The types of answers that emerge from those questions may help point you towards the types of people you want to keep in mind while developing a digital presence.
First impressions are as important on digital as they are “in real life”. When I work with businesses to redesign their websites, I will prioritize the content that their “ideal” customers would need/want to see.
In a faith-based context, this would mean making it easy for the right people to take their “first steps” towards starting a conversation with you. Your website (and social media, to some extent) will need to answer questions like:
- What is the approach to worship?
- Are there people like me in the congregation?
- What are the services and when are they held?
- What is the dress code for worship?
- Is there Sunday school programming available for my kids?
People need to sleep, eat, and spend time with their families. They have good days and bad days. A strong digital presence can best be understood as a 24/7 witness that is working all the time for your Church.
By having the right person in mind and the right message ready for them through a strong digital presence, you make it easy for people to educate themselves and become “informed first-timers”.
Understanding the “customer journey”
In marketing, we use the term “customer journey” to describe all the things that people do leading up to a purchase. For example, if you want to buy a car, you might research different manufacturers, consider buying a used car instead of a new one, and so on. Most customer journeys involve the internet at some point, and often at the very beginning.
For this faith-based context, I will be using the term “spiritual journey” to describe the general path that people take towards becoming part of a faith.
The “ow moment”
What are the types of things that happen to people that cause them to seek out the Lord? Life milestones, losses, conversations with friends? Understanding where people’s spiritual journey begins allows you to have the right types of messages ready for them when they visit your website or social media pages.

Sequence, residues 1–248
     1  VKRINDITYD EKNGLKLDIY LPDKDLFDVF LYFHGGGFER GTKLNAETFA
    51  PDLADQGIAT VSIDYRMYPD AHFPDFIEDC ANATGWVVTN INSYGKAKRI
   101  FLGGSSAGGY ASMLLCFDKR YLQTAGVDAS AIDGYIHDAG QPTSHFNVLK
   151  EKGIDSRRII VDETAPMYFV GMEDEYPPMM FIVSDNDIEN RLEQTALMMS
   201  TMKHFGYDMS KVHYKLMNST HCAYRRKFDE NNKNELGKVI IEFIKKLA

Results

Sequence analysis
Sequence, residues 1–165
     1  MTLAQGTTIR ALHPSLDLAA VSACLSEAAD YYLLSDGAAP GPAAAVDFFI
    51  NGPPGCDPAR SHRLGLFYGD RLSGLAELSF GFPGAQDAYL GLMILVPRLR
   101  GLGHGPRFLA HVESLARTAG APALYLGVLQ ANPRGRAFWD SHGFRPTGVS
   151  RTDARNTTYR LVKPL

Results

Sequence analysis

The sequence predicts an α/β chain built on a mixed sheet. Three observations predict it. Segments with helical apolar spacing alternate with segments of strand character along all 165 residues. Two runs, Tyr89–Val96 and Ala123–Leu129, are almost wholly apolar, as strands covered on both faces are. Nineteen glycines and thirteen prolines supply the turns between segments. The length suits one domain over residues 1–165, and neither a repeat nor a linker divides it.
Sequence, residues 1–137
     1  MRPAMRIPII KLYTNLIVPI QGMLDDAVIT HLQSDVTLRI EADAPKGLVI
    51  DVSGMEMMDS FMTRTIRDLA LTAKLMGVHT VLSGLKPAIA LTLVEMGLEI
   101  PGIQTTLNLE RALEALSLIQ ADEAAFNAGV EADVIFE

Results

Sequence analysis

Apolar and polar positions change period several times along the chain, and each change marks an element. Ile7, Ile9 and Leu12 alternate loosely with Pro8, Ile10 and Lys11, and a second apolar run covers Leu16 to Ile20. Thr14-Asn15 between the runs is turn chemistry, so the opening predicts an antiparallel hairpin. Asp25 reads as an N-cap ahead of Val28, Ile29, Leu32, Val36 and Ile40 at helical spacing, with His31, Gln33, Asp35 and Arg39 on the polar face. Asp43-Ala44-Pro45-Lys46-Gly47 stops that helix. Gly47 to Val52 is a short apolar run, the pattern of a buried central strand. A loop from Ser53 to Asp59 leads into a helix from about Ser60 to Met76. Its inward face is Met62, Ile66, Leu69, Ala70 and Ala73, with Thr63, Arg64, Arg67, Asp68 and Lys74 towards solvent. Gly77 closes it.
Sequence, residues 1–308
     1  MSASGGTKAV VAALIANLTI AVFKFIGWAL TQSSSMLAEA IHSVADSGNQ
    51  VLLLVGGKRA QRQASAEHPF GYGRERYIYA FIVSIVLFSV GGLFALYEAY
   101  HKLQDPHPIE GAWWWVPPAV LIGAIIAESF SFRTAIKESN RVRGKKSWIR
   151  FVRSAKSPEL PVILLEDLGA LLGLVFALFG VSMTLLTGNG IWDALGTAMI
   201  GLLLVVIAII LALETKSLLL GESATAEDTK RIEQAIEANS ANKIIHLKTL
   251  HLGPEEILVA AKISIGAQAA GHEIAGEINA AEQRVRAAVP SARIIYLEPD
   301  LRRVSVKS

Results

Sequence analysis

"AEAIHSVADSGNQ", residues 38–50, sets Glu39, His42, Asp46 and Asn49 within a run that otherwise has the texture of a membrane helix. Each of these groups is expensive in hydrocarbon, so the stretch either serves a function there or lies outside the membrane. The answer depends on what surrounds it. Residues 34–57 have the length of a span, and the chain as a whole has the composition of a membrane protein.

The “first handshake”
What are the first steps that people can take to contact you? For many organizations today, the “first handshake” happens online with a chat request or an email. Although mass media makes it difficult to proactively reach people, there is certainly a percentage of people who will be curious enough to engage.
Looking beyond conversions
There’s lots of things that churches do for communities that people often take for granted – hall rentals, marriages, community outreach, and so on. Giving these aspects of your church a “voice” on your website and social media will help you build relationships with people (and stakeholders) beyond your immediate faith community.
Digital outreach has potential
Despite the confusion and noise that seem to be wired into the digital channels, there is hope for faith-based organizations seeking to have a digital presence. By getting clear about who is most likely to become a part of their community, churches can meet them “where they’re at”, one person at a time.